While on the subject, I should mention that like Reihan, I consider “populism” a less-than-ideal term to describe the constellation of policy ideas that he and I support (I don’t think we use the term very often in our forthcoming book). On the other hand, I think it’s pointless to deny that our program, such as it is, would require some harnessing of popular sentiment in order to shift the governing consensus on various issues. This strikes me as a fairly banal observation, though, since any program of reform necessarily requires either popular pressure or a shift in the elite zeitgeist (or both) to come to fruition. And I’m afraid that I don’t quite get where Will Wilkinson is coming from when he writes:

My guess is that some intellectuals get excited about populism because they thrill to the fantasy of riding popular passions to power and harnessing them to set in place their ardently desired policies. It is a thrilling, if repulsive, dream.

This is an exceedingly odd position for a libertarian to take, I would submit, given that the story of America’s recent rightward shift on various liberty issues – particularly taxes, but extending to issues as diverse as economic deregulation and gun control – has been in large part a story of smart libertarians “riding popular passions to power and harnessing them to set in place their ardently desired policies.” (Indeed, it’s not a coincidence that a major left-wing talking point of late – from Thomas Frank and others – has been the notion that Republicans have harnessed popular passions to trick the public into supporting free-market policies that they would otherwise reject.) This is how policy change in a democracy works – except, of course, when it’s just imposed by intellectuals without the public having much of a voice in the matter, as has been known to happen from time to time.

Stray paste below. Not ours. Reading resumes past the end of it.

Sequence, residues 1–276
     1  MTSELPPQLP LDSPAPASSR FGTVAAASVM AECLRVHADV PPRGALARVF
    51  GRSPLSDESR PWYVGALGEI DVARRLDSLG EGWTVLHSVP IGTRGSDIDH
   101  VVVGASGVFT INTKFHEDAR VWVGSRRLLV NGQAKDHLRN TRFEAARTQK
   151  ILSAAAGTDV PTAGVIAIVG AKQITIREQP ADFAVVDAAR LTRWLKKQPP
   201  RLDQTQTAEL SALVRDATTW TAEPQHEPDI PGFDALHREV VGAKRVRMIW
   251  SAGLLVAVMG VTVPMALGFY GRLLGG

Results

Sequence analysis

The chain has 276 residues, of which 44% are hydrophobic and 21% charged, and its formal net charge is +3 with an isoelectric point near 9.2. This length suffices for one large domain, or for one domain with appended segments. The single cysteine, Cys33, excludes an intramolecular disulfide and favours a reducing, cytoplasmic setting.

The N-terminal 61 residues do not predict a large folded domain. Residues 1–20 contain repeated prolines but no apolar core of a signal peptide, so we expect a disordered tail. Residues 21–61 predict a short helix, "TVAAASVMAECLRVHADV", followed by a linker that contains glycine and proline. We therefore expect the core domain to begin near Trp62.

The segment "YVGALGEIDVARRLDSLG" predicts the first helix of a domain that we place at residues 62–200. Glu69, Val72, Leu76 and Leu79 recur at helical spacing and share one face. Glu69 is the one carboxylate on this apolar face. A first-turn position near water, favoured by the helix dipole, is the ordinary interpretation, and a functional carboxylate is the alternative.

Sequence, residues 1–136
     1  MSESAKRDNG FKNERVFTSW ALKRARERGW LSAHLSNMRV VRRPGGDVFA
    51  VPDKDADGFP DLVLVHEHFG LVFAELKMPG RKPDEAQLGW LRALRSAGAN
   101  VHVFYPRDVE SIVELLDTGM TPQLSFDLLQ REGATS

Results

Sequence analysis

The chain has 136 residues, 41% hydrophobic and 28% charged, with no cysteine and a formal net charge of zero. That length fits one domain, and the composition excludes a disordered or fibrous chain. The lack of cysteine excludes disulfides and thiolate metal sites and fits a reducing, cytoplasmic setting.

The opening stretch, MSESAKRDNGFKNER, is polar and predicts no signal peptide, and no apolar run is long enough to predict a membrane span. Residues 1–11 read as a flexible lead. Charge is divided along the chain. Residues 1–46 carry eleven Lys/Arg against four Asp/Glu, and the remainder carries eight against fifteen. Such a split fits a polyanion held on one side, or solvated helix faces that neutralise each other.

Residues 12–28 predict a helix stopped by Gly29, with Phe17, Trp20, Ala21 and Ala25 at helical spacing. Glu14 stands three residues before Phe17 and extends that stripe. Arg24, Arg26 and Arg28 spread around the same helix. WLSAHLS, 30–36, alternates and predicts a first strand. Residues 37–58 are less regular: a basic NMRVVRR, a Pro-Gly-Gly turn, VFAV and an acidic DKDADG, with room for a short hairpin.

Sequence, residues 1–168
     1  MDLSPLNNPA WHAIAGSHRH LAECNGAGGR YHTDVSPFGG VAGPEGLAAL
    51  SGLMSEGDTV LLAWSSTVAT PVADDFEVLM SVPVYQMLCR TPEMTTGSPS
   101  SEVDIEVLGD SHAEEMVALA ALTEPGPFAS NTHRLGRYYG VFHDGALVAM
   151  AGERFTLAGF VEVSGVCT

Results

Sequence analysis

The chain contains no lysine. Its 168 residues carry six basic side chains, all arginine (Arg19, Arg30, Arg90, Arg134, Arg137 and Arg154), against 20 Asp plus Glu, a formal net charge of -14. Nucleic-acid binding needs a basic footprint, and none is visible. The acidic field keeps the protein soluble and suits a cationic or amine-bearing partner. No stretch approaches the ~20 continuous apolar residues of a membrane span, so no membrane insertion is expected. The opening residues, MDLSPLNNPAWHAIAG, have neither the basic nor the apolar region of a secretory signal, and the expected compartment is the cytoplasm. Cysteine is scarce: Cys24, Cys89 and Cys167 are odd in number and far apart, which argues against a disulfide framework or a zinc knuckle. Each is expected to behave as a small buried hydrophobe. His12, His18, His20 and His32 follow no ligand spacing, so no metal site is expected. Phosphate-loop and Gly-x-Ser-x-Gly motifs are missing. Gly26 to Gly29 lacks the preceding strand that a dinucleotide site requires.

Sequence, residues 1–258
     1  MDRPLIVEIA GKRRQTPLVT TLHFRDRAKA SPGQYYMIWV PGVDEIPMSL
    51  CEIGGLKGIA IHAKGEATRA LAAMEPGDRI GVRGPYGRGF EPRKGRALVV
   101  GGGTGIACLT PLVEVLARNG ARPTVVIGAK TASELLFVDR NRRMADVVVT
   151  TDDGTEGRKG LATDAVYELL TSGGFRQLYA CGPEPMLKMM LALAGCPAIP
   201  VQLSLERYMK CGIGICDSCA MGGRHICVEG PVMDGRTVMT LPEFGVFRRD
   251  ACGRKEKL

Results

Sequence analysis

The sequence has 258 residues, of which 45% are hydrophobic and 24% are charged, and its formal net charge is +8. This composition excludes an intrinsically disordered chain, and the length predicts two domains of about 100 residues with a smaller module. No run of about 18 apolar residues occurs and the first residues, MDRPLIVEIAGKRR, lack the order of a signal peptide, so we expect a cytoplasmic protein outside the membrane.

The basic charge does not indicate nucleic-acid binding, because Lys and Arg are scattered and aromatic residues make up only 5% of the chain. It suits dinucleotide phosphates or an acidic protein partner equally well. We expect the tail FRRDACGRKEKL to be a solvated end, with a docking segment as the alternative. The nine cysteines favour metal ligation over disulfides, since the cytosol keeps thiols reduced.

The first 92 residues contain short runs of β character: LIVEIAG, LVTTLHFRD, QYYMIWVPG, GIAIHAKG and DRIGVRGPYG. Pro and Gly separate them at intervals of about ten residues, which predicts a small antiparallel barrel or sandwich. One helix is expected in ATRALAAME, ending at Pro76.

Obviously, there are aspects of Reaganism and the Contract With America that a consistent libertarian like Will would reject, but both the Gipper and Gingrich – and the policy minds around them – played a substantial role in making America more libertarian than it was circa 1975, and they used “popular passions” to achieve their desired results. Was this really so “repulsive”? Or are intellectuals and politicians who harness popular discontent “repulsive” only when their “ardently desired policies” don’t conform to Will’s own worldview?

Nor – though maybe I’m being too prickly here – do I quite get where Will is coming from when he writes:

I read Ross Douthat’s new Atlantic article on the electoral opportunity open to the Democrats as a chance to characterize the Democratic “threat” in a way that makes Douthat’s conservative “populist” alternative look like an attractive counter-strategy for ‘08 Republicans in the market for advisers.

I mean, yeah, it's true that my analysis of the Democrats' current strength is (unsurprisingly) congruent with my suggestions for where the GOP should go from here. But I’m not sure why the consistency of my current perspective on domestic politics and policy is grounds for weird insinuations of careerism or bad faith. My analysis could be dead wrong, or half wrong: the notion that one's own ideas are both good politics and good policy is one of the most common pundit's errors (it's a variant on the Howell Raines Fallacy, described by Mickey Kaus as "the assumption that the great and good American people, in their wisdom, will inevitably come to agree with you"), and I'm as likely to fall victim to it as anyone. (Though I labor under no delusions that my position on, say, embryo-destructive research is shared by the great and good American people.) But it should be possible to make the case against the “Douthat alternative,” such as it is, on the merits without suggesting that my commentary for the Atlantic is carefully tailored to impressionable GOP candidates looking for advisers in 2008.

Similarly, I wouldn’t dream of describing Will’s commentary as “a chance to characterize the current economic scene in such a way as to make his stripe of libertarianism seem like a good fit for politicians in the market for advisers.” I would describe it as a good-faith attempt to grapple with the realities of American life - albeit one influenced, of course, by Will’s own ideological preconceptions. I hope I'm not wrong to do so, and I'd appreciate being extended the same courtesy - right up until the moment I accept a job as chief political adviser to David Petraeus's 2012 Presidential campaign, that is.

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